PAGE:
Date of Submission


Degree Type


Degree Name

Doctor of Psychology (PsyD)



Department Chair

Robert A DiTomasso, PhD, ABPP


Pornography is widely available and consumed in the United States and worldwide. Despite pornography’s wide spread use and expansions since the advent of the Internet, the psychosocial problems related to its use are not fully delineated. Previous studies have explored the relationship between pornography consumption and psychosocial variables such as sexual and physical violence against women, misogynistic beliefs, sexual callousness, acceptance of rape myths, and other problematic sexual beliefs and behaviors. Fewer studies have explored pornography use and its impact on relationship variables such as relationship satisfaction and beliefs about relational constructs such as intimacy, passion, and equality/independence. Furthermore, there are limited studies on how pornography consumption relates to constructs such as masculinity and body satisfaction among male users. The current study aimed to explore the relationship between these constructs, as well as further delineate pornography consumption by examining frequency, duration, method, subgenre, and perceived harm. One hundred fifty-six males were recruited from various northeastern universities and through online advertisements. Results demonstrated a significant negative relationship between pornography consumption and relationship satisfaction. Alternatively, body dissatisfaction and masculinity did not relate to pornography use or relationship satisfaction. Exploratory analysis indicated that pornography consumption was not related to perceived harm or opinions about intimacy, passion, or equality/independence. Research and clinical implications of the findings and future directions are discussed.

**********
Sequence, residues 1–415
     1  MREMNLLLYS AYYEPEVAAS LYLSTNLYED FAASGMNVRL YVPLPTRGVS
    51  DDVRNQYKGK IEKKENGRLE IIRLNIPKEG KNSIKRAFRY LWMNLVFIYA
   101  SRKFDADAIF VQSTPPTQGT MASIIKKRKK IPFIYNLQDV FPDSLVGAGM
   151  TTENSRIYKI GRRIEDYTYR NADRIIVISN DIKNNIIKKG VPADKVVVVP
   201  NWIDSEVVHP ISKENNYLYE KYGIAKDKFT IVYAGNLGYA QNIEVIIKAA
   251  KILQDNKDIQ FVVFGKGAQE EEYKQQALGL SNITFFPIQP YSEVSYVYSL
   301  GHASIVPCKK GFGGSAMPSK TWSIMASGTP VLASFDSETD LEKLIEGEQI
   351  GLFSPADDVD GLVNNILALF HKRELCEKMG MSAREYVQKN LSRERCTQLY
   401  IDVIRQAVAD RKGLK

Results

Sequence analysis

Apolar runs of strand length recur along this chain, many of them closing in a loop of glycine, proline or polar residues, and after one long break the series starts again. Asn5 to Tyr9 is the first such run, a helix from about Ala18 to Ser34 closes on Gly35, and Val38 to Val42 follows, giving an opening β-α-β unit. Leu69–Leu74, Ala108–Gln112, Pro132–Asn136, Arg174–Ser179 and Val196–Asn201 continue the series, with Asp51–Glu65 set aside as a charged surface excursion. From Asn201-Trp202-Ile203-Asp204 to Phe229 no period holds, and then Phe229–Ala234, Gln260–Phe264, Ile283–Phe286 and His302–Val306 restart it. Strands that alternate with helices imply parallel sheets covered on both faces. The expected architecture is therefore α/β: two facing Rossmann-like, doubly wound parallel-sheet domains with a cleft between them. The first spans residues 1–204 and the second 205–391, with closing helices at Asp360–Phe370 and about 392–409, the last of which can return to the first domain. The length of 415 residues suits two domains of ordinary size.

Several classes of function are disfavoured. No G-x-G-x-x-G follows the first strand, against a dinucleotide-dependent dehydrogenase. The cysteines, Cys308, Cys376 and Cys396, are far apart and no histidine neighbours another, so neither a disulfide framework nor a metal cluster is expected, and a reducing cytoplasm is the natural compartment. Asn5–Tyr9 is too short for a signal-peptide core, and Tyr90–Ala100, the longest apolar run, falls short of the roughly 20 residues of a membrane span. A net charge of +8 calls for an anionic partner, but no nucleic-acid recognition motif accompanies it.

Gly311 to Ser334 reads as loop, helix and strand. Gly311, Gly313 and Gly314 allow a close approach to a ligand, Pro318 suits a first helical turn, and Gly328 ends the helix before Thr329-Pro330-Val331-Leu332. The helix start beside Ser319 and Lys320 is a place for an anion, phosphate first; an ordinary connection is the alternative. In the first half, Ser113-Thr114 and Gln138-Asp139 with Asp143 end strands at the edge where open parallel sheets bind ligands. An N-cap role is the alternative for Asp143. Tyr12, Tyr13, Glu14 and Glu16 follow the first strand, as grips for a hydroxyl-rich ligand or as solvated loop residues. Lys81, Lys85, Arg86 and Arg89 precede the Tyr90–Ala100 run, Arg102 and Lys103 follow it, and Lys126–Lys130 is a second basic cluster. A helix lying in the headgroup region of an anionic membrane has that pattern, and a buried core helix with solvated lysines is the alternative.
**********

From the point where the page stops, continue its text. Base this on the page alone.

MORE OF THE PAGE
Included in

Psychology Commons